The year 2020 marked parity between the total GDP of the G7 (the U.S. plus allies) and the total GDP of the BRICS group (China plus allies). Since then, the BRICS economies grew faster than the G7 economies. Now a third of total world output comes from the BRICS countries while the G7 accounts for below 30 percent. Beyond the obvious symbolism, this difference entails real political, cultural, and economic consequences. Bringing Ukraine’s Zelenskyy to Hiroshima to address the G7 recently failed to distract the G7’s attention from the huge global issue: what is growing in the world economy vs. what is declining.
The evident failure of the economic sanctions war against Russia offers yet more evidence of the relative strength of the BRICS alliance. That alliance now can and does offer nations alternatives to accommodating the demands and pressures of the once-hegemonic G7. The latter’s efforts to isolate Russia seem to have boomeranged and exposed instead the relative isolation of the G7. Even France’s Macron wondered out loud whether France might be betting on the wrong horse in that G7 vs. BRICS economic race just under the surface of the Ukraine war. Perhaps earlier, less-developed precursors of that race influenced failed U.S. land wars in Asia from Korea through Vietnam to Afghanistan and Iraq.
China increasingly competes openly with the United States and its international lending allies (the IMF and the World Bank) in development loans to the Global South. The G7 attack the Chinese, charging them with replicating the predatory lending for which G7 colonialism was and G7 neocolonialism is justly infamous. The attacks have had little effect given the needs for such borrowing that drive the welcome offered to China’s loan policies. Time will tell whether shifting economic collaboration from the G7 to China leaves centuries of predatory lending behind. Meanwhile, the political and cultural changes accompanying China’s global economic activities are already evident: for example, African nations’ neutrality toward the Ukraine-Russia war despite G7 pressures.
De-dollarization represents yet another dimension of the now rapid realignments in the world economy. Since 2000, the proportion of central banks’ currency reserves held in U.S. dollars has fallen by half. That decline continues. Every week brings news of countries cutting trade and investment payments in U.S. dollars in favor of payments in their own currencies or other currencies than the U.S. dollar. Saudi Arabia is closing down the petrodollar system that crucially supported the U.S. dollar as the pre-eminent global currency. Reduced global reliance on the U.S. dollar also reduces dollars available for loans to the U.S. government to finance its borrowings. The long-term effects of that, especially as the U.S. government runs immense budget deficits, will likely be significant.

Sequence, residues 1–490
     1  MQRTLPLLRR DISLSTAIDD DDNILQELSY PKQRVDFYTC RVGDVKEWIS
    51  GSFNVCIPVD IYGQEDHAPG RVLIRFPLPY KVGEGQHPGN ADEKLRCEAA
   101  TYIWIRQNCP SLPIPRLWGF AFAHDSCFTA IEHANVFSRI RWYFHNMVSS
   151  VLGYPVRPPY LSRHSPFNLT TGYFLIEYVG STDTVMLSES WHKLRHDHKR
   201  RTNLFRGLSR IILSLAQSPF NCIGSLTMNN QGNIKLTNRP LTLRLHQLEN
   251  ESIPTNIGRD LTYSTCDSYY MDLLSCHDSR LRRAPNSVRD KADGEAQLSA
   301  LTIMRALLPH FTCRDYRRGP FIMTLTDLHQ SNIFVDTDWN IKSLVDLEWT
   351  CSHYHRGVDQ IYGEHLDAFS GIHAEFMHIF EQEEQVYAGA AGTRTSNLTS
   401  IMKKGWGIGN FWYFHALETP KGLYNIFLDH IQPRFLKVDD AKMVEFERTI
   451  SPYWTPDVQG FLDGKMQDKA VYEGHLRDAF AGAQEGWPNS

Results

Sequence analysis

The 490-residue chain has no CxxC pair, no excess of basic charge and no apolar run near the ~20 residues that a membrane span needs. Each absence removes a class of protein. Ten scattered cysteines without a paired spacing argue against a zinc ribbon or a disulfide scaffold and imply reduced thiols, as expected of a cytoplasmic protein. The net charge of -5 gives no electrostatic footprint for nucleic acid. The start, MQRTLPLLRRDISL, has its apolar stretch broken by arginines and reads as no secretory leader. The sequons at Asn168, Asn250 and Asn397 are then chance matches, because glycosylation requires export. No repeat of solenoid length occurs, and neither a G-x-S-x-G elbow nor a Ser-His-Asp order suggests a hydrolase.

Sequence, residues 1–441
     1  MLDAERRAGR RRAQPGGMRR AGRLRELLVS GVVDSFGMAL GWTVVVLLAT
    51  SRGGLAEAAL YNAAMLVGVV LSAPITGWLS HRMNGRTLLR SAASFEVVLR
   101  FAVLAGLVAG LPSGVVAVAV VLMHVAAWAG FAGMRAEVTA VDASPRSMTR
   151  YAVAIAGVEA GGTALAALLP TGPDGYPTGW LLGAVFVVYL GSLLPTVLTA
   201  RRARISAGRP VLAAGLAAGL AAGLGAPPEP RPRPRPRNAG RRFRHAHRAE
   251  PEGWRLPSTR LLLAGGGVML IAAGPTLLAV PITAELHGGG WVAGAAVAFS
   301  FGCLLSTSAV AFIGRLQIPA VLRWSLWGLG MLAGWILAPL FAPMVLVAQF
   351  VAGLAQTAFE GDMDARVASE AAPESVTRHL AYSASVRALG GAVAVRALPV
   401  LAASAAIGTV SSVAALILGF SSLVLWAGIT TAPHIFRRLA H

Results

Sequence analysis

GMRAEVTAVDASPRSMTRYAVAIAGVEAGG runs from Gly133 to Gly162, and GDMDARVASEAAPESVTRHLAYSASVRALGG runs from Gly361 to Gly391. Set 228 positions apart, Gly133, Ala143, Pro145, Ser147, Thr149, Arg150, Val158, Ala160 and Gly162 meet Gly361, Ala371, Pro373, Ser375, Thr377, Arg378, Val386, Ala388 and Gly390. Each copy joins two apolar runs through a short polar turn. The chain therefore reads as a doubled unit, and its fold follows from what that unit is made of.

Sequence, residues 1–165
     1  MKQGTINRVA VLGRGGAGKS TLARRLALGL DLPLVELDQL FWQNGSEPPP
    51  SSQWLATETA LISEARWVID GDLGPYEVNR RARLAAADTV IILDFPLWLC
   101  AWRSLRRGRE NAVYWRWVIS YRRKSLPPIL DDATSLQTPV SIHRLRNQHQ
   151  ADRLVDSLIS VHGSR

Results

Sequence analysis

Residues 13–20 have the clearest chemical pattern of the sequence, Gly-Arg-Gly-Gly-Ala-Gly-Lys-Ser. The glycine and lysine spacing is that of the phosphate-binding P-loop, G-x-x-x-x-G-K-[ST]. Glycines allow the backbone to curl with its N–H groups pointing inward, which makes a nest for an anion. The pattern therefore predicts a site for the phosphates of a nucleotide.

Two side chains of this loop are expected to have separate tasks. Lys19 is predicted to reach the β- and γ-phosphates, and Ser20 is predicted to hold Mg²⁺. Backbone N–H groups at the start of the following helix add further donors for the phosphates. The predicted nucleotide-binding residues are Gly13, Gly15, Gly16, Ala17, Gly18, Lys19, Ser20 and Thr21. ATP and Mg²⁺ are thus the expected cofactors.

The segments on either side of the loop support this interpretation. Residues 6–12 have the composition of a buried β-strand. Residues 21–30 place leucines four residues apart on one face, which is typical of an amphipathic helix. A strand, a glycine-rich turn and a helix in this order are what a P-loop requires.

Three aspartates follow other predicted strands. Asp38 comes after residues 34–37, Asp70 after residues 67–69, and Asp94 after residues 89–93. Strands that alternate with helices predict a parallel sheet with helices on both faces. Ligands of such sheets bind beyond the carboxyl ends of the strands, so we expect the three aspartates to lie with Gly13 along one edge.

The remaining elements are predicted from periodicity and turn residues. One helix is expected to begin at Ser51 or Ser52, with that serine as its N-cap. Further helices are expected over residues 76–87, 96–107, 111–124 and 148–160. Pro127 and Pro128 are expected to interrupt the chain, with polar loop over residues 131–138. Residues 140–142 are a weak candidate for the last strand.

China recently brokered the rapprochement between enemies Iran and Saudi Arabia. Pretending that such peace-making is insignificant represents purely wishful thinking. China can and will likely continue to make peace for two key reasons. First, it has resources (loans, trade deals, investments) to commit to sweeten accommodations between adversaries. Second, China’s stunning growth over the last three decades was accomplished under and by means of a global regime mostly at peace. Wars then were mostly confined to specific, very poor Asian locations. Those wars minimally disrupted the world trade and capital flows that enriched China.
Neoliberal globalization benefited China disproportionally. So China and BRICS countries have replaced the United States as the champion of continuing a broadly defined global free trade and capital movements regime. Defusing conflicts, especially in the contentious Middle East, enables China to promote the peaceful world economy in which it prospered. In contrast, the economic nationalism (trade wars, tariff policies, targeted sanctions, etc.) pursued by Trump and Biden has struck China as a threat and a danger. In reaction, China has been able to mobilize many other nations to resist and oppose United States and G7 policies in various global forums.